Harold Arlen's "Come Rain Or Come Shine," arranged by Bill Stapleton, was a feature for Ron Stout's flugelhorn. Taken at a slow, swing tempo, Stout caressed the melody above the mellow ensemble passages, and played a very thoughtful flugelhorn solo. "Woodchoppers' Ball," now in its eighties, continues to age well and still evokes the relaxed swing of its earliest incarnations. Its catchy head-arrangement of a simple, repeating-noted melody has been through many evolutions, captured on many recordings over the band's history, including its overlaying with such blues countermelodies as "Jumpin' With Symphony Sid." Frank Tiberi took the Woody clarinet melody, before affable solos from Rob Lockart's easy-going tenor sax, Dave Ryan's relaxed, gruff trombone, Mark Lewis' bright trumpet, Alan Broadbent's laid-back, Basie-ish swing, with quotes from "Lester Leaps In" and jagged chordal reharmonisations with shards of "C-Jam Blues." Trey Henry played some brilliant, rhythmically tricky bass. The final head used "Blues Walk" as a countermelody, jumping up a half-step, and finishing with more Kye Palmer trumpet pyrotechnics.

After an intermission, Bill Holman's fast, polyphonic arrangement of "After You've Gone" began with Frank Tiberi leading the melody on soprano sax, kicking off a bold brass section passage. Solos were from Tiberi's vigorous soprano sax, Mark Lewis' blistering trumpet, Jerry Pinter's brawny tenor saxophone, and this masterful chart ended with a bluesy clarinet-plus-piccolo cadenza.

John Coltrane's "Central Park West," arranged by John Fedchock, began with a pensive intro of brushes, noodling piano and bass. Another brassy reading of the melody bought out its rich harmonies, joined by a nice unison saxophone countermelody. Frank Tiberi's beautiful and brilliant tenor saxophone solo lead to a crescendoing ensemble then quiet trombones in unison with a flugelhorn countermelody. Tiberi returned to take the band home, probably one of the finest ballad performances of the festival. Alan Broadbent composed and arranged "Sugarloaf Mountain," a medium, straight-eight piece, which featured John Fedchock's relaxed trombone on the melody over flugelhorn backgrounds. He went on to play a very mellifluous solo, and an exuberant brass section passage handed back to Fedchock's trombone for the final melody and vigorous solo vamping to the finish. Johnny Green's "Body and Soul," immortalized by Coleman Hawkins in 1939, effectively throwing down the gauntlet to all tenor saxophone players who followed. John Coltrane's 1960 landmark reworking of the chord changes gave it a significant leap forward. Nat Pierce's arrangement incorporated some of Trane's intro and bridge chord changes, and Frank Tiberi played a magisterial tenor solo above finely-crafted ensemble backgrounds, finishing with a masterful solo cadenza, extending Coltrane's vision further. Tipping his hat to the great Coleman Hawkins, Tiberi quoted the final two phrases of the Hawk's famous 1939 solo, very softly, fading beautifully into the final band cadence.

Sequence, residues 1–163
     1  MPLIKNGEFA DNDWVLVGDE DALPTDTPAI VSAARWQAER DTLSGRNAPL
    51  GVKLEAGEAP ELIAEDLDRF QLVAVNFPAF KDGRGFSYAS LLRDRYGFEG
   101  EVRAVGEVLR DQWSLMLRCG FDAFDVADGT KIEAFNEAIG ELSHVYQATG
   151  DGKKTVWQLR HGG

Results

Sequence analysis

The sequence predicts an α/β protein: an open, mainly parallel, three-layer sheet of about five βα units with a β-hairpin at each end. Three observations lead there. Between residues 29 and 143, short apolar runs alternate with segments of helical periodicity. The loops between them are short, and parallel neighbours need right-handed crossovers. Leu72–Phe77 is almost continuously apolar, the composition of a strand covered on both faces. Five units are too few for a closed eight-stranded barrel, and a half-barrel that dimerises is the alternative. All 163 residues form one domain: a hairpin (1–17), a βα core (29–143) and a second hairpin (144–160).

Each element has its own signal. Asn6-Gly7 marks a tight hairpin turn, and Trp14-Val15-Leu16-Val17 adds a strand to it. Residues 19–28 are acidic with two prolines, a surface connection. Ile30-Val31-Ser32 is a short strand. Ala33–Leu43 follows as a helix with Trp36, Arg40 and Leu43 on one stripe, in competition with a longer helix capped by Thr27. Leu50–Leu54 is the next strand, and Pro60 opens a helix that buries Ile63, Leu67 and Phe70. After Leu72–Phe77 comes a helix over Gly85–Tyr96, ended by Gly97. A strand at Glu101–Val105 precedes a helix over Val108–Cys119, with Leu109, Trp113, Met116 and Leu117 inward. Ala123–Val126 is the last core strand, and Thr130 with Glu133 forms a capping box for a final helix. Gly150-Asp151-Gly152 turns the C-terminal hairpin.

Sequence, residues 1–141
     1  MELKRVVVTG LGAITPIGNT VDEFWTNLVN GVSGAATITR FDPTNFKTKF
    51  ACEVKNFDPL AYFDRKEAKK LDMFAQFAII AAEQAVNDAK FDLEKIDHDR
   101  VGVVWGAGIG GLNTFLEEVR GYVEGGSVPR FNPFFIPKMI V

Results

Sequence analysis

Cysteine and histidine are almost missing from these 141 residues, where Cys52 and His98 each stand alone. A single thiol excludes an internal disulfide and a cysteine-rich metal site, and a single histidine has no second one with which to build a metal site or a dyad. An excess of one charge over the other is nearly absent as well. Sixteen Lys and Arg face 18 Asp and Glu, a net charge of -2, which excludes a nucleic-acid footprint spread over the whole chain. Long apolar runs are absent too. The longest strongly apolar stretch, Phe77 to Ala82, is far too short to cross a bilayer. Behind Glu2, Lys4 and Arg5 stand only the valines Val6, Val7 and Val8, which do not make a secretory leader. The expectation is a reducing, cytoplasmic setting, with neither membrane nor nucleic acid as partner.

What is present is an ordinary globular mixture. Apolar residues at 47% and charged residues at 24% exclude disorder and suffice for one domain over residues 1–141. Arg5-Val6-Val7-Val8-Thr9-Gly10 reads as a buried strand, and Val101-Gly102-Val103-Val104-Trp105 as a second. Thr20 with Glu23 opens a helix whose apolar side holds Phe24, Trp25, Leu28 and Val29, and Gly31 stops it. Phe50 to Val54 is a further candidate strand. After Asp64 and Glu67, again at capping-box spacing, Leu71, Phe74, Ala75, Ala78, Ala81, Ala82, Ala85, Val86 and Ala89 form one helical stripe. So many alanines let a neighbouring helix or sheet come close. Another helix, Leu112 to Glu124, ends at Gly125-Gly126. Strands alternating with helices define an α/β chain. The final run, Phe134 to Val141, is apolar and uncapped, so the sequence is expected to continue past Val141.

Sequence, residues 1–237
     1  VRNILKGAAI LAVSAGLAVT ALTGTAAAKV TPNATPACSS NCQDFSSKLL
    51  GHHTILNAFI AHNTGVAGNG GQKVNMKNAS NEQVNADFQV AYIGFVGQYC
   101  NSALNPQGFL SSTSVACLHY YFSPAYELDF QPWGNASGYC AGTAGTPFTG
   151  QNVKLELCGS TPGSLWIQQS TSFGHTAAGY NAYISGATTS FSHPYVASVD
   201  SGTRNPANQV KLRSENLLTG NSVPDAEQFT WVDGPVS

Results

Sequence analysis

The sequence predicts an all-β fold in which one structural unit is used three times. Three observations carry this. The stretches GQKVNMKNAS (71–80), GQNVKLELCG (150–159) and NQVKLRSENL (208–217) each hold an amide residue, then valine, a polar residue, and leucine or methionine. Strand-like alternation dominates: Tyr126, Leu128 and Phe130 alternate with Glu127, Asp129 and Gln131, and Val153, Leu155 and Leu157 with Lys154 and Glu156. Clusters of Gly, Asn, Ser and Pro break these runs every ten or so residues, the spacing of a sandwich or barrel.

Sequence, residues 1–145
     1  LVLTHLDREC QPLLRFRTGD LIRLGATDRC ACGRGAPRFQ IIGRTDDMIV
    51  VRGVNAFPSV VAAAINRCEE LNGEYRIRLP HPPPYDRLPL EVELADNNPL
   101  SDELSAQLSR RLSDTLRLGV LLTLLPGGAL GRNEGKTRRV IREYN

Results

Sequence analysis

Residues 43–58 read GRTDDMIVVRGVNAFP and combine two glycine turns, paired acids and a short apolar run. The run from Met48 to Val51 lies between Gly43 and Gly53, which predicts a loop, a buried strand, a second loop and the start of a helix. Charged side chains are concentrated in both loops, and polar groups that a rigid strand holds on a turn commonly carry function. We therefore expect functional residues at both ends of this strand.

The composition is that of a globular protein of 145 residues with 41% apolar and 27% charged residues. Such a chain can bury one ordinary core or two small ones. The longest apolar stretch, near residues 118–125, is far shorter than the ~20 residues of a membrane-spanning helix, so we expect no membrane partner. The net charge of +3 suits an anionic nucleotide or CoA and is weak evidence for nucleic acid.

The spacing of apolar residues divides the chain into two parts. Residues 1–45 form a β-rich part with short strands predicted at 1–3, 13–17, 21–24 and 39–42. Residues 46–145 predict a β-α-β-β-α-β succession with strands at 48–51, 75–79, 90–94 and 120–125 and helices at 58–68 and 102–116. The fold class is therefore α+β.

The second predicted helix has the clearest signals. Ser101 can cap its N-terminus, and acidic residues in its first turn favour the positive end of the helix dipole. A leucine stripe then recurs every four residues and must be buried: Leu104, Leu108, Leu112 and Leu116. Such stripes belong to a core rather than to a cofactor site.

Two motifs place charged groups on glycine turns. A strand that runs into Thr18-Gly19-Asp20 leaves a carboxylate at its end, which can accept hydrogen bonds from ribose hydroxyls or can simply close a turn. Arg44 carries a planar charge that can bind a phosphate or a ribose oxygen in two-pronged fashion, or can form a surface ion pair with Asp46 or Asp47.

"Fanfare For The Common Man," by Copland, arranged by Gary Anderson (and heard earlier in the day by the CSULB) which became a 1970s Herman Herd anthem, began with its dramatic three-trombone fanfare, and continued into the intro vamp, with brilliant, insistent drumming from Jim Rupp and dextrous electric bass lines from Trey Henry. Rob Lockart played an adventurous flute solo over the vamp, with nice 'outside' fluttering phrases. Jerry Pinter soloed with his big tenor sound, up close to the mike, before a dynamic Jim Rupp drum solo and a climactic ending by the band, which had executed Anderson's chart superbly. The final piece for the concert and for the entire festival, was mid 1960s Herman staple, "Cousins," by Johnny Coppola and Vince Guaraldi. The intro featured Kye Palmer's powerful trumpet an octave above the band, and was followed by the strong unison melody from the saxophone section, and a neat, quite brilliant, harmon-muted trumpet solo from Ron Stout. Thus ended a fine festival that chronicled fifty years of marvelous music from one of Jazz's most beloved bandleaders and one of its greatest and most enduring bands. Ken Poston and his team and the musicians again excelled in this tremendous musical celebration.

Ken Poston's final wrap-up at the close of the festival acknowledged the musicians and the superb music, and the great efforts of those who volunteered their time and energy to make it happen, and encouraged patrons to sign up for the October LAJI festival: "Something Cool—Celebrating the Great Vocalists of The West Coast Jazz Era."